This post can be found through https://tinyurl.com/etwtracing, and an alternate version of these instructions can be found here.
If your Windows computer is running slowly – if a program takes a long time to launch, if a game has a poor frame rate, or if an idle application uses too much CPU time – the best way to investigate is to record an Event Tracing for Windows (ETW) trace. An ETW trace records a wealth of information (CPU sampling, context switches, disk I/O, custom data, and much more) that allows most performance problems to be understood by a trained expert. If you want to analyze traces, go here. If you’re not a trained expert then you can still record an ETW trace, and then share it with somebody who is.
If a particular program is being slow or inefficient then you may be able to record an ETW trace and share it with the authors of that program. Quite often they can figure out what is going wrong, whether it is a bug on their side or an overheating CPU on your side. Tell them I sent you. They may be grateful for receiving an actionable report instead of vague complaints about slowness which they cannot reproduce.
Not all developers are equipped to analyze ETW traces, for technical and practical reasons – ask first.
Recording and sharing ETW traces has never been easier. Here are the three steps.
Recording ETW traces
If you prefer to learn through watching instead of reading you can view this brief video that demonstrates installing UIforETW and recording a trace. For written instructions, read on:
- Get the latest release of UIforETW. This is an open source tool for recording and managing ETW traces. It makes recording traces easier while adding additional information such as input events to make analysis easier. Download etwpackage.zip, extract the contents, and run etwpackage\bin\UIforETW.exe. This will install the necessary versions of the Windows Performance Toolkit. Wait for the installations to finish.
- Now click Start Tracing. ETW tracing will begin. By default it goes to in-memory circular buffers and can be left running indefinitely, recording the last 10-60 seconds (actual duration varies) of activity. When you have reproduced the slowdown type Ctrl+Win+R from wherever you are (you don’t need to switch to UIforETW) to save the trace buffers to disk. You should enter a description of what happened in the Trace information field associated with your trace. Detailed descriptions are ideal, as they tell the analyst what the problem is and where in the trace it occurred.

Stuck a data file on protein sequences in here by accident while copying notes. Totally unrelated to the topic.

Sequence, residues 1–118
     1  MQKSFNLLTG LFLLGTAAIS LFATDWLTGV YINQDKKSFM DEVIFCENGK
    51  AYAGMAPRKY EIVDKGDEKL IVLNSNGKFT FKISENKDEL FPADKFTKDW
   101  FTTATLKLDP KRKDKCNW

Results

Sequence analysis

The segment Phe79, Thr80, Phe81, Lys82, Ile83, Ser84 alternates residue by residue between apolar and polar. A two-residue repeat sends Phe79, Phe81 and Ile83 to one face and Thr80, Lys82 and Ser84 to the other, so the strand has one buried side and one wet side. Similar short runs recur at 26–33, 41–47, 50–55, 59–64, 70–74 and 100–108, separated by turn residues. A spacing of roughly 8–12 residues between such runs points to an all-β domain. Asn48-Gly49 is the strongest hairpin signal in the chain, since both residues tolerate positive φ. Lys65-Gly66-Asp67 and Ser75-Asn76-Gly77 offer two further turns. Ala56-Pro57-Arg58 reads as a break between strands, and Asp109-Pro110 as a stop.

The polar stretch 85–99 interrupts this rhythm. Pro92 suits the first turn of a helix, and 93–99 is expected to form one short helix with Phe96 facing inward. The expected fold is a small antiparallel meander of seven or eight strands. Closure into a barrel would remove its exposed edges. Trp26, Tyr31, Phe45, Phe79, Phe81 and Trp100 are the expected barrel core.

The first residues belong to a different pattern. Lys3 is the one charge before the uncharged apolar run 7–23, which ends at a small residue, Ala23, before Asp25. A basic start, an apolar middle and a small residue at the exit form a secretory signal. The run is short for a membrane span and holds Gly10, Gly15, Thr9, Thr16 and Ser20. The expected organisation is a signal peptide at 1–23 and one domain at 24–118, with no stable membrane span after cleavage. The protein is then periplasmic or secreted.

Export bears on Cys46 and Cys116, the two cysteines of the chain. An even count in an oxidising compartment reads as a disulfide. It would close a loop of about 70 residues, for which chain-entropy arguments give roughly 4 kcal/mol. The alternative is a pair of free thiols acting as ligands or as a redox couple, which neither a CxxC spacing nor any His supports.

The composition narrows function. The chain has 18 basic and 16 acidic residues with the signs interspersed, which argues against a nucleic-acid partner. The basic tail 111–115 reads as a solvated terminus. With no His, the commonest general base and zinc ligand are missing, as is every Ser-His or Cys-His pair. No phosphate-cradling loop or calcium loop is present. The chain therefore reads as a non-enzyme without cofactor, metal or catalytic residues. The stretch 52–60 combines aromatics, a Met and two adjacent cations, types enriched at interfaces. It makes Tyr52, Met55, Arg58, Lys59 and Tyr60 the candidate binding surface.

- Right-click on the list of traces and select Browse folder to open the documents\etwtraces folder containing the traces. There will be a .etl file and a .txt file for each trace. Upload them to your favorite file-sharing service to share with someone who can analyze the traces.
Be aware, however, that ETW traces can contain personal information. ETW traces record information about all processes on your system. Typically this include the names of files being read and written, so an analyst may be able to tell what document you were editing, or what music you were listening to. However the traces will not include the contents of the files or the names of files that are on-disk but not referenced. The Input tracing information is very important for a successful analysis but it defaults to Private mode, where all letters are recorded as ‘A’ and all numbers are recorded as ‘1’, to avoid being a key-logger. Full mode input tracing can be useful, but enable it with caution, for obvious reasons. And, be thoughtful about who you share ETW traces with.
ETW traces also include full information about your hardware, and version numbers of any software that is running when the trace is recorded
That’s it. That’s all it takes.